Victims of what could be one of China’s largest financial scandals found themselves unable to step outside to join planned protests because their health QR codes had turned red, reigniting fears that the large-scale data collected for contact tracing would be abused for other uses.
Since late May, hundreds of people have taken to the streets in China’s central Henan province, calling for authorities to ensure the return of their deposits that were frozen in four rural banks in the province.
The deposits at Yuzhou Xinminsheng Village Bank, Shangcai Huimin County Bank, Zhecheng Huanghuai Community Bank and New Oriental Country Bank of Kaifeng have been frozen since April 18, amid rising risk of recession for the world’s second-largest economy.
The People’s Bank of China (PBOC) said in a statement in April that it had launched investigations into the four banks.
Chinese regulators have not confirmed the amount of money that has been frozen, but depositors who have formed groups on various social media platforms to air their grievances claim the figure totals tens of billions of yuan.
Local media quoted the China Banking and Insurance Regulatory Commission (CBIRC) last month as saying a probe had found that Henan Xincaifu Group Investment Holding, a private investment firm with stakes in all four lenders, colluded with bank employees to illicitly attract public funds via online platforms, resulting in the deposits being frozen.
Zhang, who owns a small factory owner Jiaxing, Zhejiang province, had planned to travel to the Henan capital Zhengzhou to protest on Monday. On Saturday, he found his Zhengzhou health code – which is used to indicate Covid-19 exposure status – had turned red. At that point, he had not even stepped outside the city and returned a negative nucleic acid test result on Saturday.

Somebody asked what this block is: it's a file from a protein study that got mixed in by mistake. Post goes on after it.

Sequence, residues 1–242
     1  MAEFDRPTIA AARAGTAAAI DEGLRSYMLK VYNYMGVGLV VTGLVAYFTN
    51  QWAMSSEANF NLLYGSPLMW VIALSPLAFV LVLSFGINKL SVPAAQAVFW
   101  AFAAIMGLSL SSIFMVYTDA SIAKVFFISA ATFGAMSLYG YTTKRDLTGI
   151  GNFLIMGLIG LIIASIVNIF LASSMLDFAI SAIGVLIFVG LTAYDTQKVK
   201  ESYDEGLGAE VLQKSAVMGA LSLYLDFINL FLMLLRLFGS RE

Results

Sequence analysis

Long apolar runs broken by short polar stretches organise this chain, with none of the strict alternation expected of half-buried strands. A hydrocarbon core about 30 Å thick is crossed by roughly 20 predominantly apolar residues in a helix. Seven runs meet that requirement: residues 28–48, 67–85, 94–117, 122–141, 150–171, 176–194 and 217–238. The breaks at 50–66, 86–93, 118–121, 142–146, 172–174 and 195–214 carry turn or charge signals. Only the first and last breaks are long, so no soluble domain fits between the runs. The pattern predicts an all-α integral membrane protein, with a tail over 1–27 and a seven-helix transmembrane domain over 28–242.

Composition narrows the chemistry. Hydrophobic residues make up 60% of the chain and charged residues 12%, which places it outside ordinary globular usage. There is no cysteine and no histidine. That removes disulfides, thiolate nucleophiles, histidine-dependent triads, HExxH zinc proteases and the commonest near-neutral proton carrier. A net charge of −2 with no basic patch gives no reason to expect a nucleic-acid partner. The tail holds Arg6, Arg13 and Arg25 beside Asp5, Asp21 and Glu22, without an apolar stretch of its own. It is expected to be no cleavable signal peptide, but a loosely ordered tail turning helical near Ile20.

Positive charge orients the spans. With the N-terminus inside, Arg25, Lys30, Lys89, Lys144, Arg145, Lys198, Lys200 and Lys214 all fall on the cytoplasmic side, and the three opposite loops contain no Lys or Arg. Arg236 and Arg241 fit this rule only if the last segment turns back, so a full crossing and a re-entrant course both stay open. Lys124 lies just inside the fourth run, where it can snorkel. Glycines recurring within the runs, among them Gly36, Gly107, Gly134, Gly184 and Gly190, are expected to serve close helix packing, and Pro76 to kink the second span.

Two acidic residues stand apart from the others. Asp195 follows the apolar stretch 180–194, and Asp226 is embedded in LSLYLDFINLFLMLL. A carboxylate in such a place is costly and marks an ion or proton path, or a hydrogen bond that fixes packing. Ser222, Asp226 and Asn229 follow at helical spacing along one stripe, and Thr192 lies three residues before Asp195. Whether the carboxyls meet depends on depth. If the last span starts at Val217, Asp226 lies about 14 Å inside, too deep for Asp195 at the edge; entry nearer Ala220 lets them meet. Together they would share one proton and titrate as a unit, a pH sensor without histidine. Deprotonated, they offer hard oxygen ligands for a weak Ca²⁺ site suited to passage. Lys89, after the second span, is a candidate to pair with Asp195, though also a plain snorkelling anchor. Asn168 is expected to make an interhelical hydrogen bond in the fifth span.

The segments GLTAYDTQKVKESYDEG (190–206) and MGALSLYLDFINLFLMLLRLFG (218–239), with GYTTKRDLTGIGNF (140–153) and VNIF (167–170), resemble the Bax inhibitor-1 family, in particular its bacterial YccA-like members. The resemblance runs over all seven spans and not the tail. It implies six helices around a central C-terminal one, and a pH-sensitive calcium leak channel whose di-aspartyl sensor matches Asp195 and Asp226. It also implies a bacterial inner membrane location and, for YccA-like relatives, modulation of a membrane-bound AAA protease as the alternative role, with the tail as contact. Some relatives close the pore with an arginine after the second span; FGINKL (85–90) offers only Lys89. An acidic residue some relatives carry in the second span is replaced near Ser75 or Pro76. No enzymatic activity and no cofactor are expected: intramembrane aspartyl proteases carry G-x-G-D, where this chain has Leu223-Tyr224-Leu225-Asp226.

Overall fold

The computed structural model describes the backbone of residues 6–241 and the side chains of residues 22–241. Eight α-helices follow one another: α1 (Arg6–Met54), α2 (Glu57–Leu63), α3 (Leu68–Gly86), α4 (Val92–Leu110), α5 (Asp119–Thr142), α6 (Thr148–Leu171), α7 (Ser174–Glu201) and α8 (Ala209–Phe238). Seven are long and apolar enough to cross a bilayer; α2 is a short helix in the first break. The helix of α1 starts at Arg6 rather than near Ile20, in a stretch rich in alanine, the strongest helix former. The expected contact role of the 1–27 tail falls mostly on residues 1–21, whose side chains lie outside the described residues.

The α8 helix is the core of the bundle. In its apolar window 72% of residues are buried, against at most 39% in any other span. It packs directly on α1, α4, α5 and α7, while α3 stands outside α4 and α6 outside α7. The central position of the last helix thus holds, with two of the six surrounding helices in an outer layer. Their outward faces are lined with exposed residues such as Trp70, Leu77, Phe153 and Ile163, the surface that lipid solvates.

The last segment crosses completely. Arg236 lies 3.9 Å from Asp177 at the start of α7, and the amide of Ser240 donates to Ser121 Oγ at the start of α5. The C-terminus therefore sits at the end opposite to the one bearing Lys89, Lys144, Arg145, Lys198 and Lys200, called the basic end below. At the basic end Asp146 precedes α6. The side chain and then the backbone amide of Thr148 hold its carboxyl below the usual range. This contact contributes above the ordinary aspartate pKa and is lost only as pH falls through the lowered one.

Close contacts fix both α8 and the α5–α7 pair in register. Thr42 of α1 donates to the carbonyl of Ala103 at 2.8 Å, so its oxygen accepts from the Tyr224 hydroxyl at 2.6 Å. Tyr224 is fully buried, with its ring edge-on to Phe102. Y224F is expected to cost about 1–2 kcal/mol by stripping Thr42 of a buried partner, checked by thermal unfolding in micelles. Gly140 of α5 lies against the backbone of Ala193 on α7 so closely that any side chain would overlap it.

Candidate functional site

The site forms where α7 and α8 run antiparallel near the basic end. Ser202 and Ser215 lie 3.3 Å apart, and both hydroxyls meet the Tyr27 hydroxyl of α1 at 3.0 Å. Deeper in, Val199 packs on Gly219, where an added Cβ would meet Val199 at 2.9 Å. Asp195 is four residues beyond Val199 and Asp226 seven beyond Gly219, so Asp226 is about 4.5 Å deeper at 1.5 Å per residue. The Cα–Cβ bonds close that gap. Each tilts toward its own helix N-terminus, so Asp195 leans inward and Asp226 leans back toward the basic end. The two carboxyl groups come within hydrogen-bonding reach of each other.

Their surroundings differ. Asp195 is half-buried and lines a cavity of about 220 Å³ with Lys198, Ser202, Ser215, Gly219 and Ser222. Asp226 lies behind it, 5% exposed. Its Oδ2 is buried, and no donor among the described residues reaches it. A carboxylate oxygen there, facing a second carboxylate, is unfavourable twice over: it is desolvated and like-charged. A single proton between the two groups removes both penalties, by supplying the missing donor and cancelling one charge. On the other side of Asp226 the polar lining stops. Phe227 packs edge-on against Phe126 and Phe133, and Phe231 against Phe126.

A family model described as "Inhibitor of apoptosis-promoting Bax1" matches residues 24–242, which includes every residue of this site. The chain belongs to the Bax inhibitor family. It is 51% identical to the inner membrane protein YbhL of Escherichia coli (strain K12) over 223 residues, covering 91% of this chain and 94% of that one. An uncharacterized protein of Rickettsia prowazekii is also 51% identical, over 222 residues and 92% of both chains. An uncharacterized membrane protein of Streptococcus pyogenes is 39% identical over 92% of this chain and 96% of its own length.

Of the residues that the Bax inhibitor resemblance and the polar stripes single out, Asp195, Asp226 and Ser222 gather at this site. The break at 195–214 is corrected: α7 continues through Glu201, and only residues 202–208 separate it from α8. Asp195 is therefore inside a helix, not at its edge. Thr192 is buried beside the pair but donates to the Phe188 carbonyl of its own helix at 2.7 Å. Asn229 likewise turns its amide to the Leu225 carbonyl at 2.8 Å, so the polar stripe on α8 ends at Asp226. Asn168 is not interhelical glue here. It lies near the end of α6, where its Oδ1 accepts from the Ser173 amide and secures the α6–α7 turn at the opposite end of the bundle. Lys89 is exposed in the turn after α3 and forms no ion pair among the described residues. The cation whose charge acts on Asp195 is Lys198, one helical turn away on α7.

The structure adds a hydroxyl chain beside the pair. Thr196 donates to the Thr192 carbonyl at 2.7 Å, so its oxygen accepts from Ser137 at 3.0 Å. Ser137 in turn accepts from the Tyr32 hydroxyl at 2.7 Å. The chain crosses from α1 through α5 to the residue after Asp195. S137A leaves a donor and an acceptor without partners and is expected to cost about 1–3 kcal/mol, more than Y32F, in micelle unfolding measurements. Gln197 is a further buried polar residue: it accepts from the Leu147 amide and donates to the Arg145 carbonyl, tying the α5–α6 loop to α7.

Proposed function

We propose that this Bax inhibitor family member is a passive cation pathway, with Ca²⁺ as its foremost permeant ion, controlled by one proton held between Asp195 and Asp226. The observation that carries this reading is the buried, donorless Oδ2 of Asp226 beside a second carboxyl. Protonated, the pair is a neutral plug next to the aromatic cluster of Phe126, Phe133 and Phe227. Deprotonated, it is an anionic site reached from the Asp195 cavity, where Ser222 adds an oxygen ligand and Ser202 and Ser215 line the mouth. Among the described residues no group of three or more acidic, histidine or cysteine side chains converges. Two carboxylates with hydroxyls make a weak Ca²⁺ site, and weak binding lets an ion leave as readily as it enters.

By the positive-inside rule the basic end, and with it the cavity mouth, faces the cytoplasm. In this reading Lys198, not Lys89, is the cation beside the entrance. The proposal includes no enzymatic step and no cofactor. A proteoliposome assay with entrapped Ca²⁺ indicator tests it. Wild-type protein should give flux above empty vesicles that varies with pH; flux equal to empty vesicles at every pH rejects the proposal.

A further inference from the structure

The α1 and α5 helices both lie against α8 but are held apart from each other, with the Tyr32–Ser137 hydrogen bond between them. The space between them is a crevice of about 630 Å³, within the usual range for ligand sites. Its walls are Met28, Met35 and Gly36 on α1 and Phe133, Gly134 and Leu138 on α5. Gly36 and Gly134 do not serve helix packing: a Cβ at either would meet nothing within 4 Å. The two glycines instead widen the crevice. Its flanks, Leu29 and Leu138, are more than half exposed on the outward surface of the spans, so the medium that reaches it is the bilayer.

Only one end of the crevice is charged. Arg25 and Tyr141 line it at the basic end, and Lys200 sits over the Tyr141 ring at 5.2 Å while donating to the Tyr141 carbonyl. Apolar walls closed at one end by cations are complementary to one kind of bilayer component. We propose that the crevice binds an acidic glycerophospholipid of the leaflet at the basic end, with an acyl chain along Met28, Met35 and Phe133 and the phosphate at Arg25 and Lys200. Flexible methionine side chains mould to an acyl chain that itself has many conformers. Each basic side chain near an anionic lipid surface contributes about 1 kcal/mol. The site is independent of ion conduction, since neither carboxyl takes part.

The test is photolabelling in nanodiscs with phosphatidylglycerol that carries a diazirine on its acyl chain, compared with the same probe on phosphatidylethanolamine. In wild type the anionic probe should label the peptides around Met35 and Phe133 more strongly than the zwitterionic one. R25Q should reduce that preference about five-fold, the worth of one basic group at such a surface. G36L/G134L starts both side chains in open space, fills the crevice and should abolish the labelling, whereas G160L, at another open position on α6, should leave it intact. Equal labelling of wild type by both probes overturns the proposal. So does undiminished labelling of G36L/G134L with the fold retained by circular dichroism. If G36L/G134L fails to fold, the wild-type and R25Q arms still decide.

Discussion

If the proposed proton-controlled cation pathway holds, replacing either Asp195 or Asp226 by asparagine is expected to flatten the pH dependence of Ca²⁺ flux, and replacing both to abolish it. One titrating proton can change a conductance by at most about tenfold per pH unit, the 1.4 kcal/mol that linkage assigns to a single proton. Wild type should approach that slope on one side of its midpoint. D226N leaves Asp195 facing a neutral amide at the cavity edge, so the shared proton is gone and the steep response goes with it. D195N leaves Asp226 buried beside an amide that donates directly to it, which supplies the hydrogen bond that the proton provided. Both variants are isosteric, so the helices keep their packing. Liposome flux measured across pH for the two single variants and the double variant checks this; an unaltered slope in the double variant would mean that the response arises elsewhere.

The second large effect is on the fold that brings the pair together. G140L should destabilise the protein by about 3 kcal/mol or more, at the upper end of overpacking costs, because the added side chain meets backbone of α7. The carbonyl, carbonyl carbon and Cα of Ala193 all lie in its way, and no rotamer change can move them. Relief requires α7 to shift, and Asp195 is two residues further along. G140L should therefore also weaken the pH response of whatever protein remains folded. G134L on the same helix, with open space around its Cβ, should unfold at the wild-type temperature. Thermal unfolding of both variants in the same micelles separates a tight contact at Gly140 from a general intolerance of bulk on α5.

He decided to go anyway. Upon arriving at Zhengzhou railway station on Monday, he scanned the local health code, and again it showed red. He was immediately taken by local police to a university library, joining about 10 other bank deposit holders.
“The police asked some staff from the CBIRC to talk to us, and they tried to persuade us to go back, but none of us would when the matters weren’t resolved,” Zhang said.
In the end, he was escorted home by police.
An operator for Zhengzhou’s government service hotline did not address questions about protesters’ health codes turning red, but said that those with red health codes could try to change their status by following various prevention rules such as getting tested.
China’s health code, which indicates a person’s Covid-19 status via an app requiring real-name registration, follows a traffic-light system, with green declaring a person has not been exposed to potential cases or risky areas, while yellow and red codes ban the person from entering most venues or public transport.
Previously, there has been criticism that the health code was a mass surveillance tool that could be abused by authorities.
Zhang is one of many whose life’s savings were frozen in Henan rural banks. In 2020, he gradually put 3.3mil yuan (RM2.16mil or US$489,810) – about half his assets – in four banks through a financial management app owned by search giant Baidu.
In April, he found he could not log into the banks online. When he read news reports, he started calling regulatory offices and went to Zhengzhou to protest for the first time in May.
Even people who had not planned to go to protest have been affected. One man in Changzhou, Hebei province, said his health code turned red while he was sitting at home.
He called government offices for three days and the code returned to green on Tuesday, just as Chinese media reports started circulating about bank customers being hit with unexpected red health codes.
Those affected by the bank deposit freeze told the South China Morning Post they planned to keep protesting, even as it seemed they were running out of options.
“These are all my assets,” the Hebei man said. “I worked for 20 years to save up 2mil yuan (RM1.31mil) … If I can’t get this money back, I can’t live.” – South China Morning Post